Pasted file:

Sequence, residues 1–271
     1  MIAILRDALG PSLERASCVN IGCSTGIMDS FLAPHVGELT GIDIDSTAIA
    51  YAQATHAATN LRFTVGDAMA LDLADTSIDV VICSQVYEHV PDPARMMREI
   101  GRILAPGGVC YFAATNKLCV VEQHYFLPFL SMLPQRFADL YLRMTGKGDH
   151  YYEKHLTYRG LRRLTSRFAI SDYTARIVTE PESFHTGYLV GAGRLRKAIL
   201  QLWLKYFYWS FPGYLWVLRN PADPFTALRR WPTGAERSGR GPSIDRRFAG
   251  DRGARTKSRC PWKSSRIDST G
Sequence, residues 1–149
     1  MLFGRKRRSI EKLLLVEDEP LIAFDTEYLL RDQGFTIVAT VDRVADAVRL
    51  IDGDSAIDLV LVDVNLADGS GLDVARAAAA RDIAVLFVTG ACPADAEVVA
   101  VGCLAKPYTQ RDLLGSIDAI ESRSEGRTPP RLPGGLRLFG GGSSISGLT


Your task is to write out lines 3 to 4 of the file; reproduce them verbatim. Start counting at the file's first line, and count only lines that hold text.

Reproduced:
    51  YAQATHAATN LRFTVGDAMA LDLADTSIDV VICSQVYEHV PDPARMMREI
   101  GRILAPGGVC YFAATNKLCV VEQHYFLPFL SMLPQRFADL YLRMTGKGDH